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Court believes ‘The Wolf of Wall Street’ shirking court-ordered payments

The Brooklyn U.S. attorney’s office claims Jordan Belfort has been living off of book proceeds and other income in Australia

Leonardo DiCaprio may have won a Golden Globe for his portrayal of “Wolf of Wall Street” Jordan Belfort, but the Brooklyn U.S. attorney’s office isn’t ready to give out accolades to the real-life man.

Prosecutors claim that Belfort has been neglecting to pay his court-ordered restitution to victims of his schemes. The attorney’s office says that instead, Belfort has been living off of book proceeds, movie royalties and motivational-speaker fees in Australia, where any income cannot be touched by U.S. tax authorities.

Belfort pleaded guilty in 1999 to defrauding investors of more than $200 million. He was ordered by the court to pay back $110.4 million to his victims, including 50 percent of his gross income until the debt was paid. Recent documents, however, claim that he has been shirking his court-ordered responsibilities.

According to The Wall Street Journal, court documents filed by U.S. Attorney Loretta Lynch show that Belfort has made more than $1 million in recent years from book sales and movie royalties alone. However, his victims have only seen a small percentage of those funds, and even then the funds have only come after court-ordered restraining notices, such as $125,000 that was recovered when a court-ordered restraining notice was placed on “Wolf of Wall Street” movie production company Red Granite Pictures.

The attorney’s office decided to go public with their comments following what the office believed to be untrue remarks from Belfort’s camp. In a Dec. 29 Facebook post, Belfort claimed that he was giving 100 percent of his movie and book proceeds to victims rather than just the court-ordered 50 percent. “For the record: I am not making any royalties off the film or the books, and I am totally content with that,” Belfort said.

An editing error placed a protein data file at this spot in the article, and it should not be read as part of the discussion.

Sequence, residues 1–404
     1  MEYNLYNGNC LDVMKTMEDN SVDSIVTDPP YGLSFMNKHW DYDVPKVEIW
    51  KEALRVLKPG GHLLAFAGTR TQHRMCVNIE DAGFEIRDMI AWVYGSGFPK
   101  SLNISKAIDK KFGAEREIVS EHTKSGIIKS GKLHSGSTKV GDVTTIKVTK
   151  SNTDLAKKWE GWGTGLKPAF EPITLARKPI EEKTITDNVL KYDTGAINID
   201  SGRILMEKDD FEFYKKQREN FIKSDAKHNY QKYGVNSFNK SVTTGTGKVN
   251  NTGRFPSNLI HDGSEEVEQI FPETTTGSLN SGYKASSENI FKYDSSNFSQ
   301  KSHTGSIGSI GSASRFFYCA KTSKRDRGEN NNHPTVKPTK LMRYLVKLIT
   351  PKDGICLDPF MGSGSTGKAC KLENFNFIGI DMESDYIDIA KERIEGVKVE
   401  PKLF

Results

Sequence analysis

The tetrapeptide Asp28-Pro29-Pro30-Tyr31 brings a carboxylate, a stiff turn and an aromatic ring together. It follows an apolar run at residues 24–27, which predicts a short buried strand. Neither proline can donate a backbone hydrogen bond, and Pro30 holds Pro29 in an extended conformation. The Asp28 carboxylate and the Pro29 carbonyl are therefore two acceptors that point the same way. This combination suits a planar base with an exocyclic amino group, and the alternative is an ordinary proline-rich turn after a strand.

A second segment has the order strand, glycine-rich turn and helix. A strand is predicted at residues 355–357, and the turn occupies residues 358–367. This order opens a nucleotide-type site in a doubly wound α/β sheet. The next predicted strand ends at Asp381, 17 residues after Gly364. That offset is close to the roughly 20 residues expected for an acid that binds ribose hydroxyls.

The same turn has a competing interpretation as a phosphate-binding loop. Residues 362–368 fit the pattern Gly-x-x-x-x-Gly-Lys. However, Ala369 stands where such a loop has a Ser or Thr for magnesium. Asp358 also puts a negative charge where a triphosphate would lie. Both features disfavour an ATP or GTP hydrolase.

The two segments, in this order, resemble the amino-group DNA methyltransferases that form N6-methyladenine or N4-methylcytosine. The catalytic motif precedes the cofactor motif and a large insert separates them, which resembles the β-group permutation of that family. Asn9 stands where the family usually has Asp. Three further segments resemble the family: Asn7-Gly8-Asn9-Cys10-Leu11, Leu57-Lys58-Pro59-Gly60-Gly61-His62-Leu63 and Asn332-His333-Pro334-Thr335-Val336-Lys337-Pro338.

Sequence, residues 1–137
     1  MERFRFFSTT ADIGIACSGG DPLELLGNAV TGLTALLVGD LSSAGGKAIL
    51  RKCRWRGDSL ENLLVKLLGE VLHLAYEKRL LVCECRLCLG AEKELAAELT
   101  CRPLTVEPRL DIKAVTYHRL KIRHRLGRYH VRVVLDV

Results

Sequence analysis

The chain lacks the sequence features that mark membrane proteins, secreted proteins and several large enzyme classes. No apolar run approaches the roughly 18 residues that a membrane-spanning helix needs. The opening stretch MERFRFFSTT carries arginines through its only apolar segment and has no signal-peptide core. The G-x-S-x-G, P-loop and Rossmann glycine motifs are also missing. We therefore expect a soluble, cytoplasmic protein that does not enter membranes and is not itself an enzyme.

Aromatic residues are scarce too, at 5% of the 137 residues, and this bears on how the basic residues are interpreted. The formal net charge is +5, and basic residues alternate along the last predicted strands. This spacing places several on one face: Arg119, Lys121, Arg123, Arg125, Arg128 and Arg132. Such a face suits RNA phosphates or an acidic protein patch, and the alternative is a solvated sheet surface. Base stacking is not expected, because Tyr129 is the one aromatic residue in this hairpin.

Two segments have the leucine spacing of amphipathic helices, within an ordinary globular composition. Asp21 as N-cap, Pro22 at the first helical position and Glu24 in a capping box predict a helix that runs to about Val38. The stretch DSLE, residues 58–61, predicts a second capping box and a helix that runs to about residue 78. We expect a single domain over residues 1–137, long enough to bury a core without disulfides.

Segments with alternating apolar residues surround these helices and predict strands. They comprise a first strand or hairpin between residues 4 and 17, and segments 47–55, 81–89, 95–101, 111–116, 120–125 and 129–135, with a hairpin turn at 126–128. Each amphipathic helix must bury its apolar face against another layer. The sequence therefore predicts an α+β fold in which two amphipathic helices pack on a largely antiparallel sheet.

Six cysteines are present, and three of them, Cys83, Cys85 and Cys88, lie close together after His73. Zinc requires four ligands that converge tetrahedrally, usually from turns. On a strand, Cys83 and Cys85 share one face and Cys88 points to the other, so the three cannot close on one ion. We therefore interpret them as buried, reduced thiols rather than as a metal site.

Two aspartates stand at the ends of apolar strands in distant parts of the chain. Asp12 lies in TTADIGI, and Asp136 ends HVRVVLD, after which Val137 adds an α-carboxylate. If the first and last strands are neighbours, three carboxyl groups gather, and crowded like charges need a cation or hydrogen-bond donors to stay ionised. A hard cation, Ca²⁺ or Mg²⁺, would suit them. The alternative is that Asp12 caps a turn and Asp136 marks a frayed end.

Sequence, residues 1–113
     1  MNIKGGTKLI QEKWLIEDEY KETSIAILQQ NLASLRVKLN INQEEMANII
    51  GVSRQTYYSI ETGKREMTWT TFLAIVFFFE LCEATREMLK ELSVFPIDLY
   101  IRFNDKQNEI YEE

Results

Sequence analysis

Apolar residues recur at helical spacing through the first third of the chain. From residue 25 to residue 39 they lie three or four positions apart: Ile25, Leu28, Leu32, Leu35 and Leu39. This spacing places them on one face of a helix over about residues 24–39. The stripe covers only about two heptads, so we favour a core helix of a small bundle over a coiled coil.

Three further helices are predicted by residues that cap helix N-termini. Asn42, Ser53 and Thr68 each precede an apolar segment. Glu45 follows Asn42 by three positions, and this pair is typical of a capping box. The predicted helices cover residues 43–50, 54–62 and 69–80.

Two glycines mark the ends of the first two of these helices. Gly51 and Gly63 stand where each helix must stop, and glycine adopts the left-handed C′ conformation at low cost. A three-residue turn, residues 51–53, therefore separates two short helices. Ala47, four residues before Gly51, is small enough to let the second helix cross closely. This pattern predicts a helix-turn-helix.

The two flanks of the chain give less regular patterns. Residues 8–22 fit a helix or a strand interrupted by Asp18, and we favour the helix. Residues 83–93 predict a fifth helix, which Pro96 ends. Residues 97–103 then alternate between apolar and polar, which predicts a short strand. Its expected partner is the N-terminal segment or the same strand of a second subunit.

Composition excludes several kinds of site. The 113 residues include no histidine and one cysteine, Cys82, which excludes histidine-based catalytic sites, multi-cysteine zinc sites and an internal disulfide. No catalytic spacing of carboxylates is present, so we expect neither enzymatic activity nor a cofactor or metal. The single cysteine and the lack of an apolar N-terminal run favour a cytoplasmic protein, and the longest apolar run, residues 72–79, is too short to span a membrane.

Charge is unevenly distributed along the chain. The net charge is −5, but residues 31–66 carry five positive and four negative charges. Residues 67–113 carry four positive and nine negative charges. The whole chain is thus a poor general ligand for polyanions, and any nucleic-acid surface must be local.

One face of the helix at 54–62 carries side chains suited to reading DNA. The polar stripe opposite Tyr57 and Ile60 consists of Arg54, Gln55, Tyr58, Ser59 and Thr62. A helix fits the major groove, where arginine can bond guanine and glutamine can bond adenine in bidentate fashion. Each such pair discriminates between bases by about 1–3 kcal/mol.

Belfort’s attorney, Nicholas De Feis, backed up his claims. De Feis claims that his client had paid all restitution ordered, and he also said that Belfort had only traveled to Australia for business reasons and was living in California. “He's made payments as he was required to make payments and as he earned income,” De Feis told the WSJ. “He has never run from his obligations.”

However, Robert Nardoza, a spokesman for the U.S. attorney for the Eastern District of New York, disagrees. “We want to set the record straight,” said Mr. Nardoza. “Belfort's making these claims, and they're not factual. He's in Australia and using that loophole to avoid paying.”


For more on the legal war on Wall Street, check out these InsideCounsel articles:

Bank of America sued by former trader for bonus payout

JPMorgan Chase to pay $2.6 billion to resolve Madoff allegations

Wells Fargo to pay $591 million in Fannie Mae settlement

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Zach Warren

Zach Warren is Assistant Editor of InsideCounsel magazine, where he oversees online content submissions and administers InsideCounsel's enewsletters. Zach specializes in new media and multimedia...

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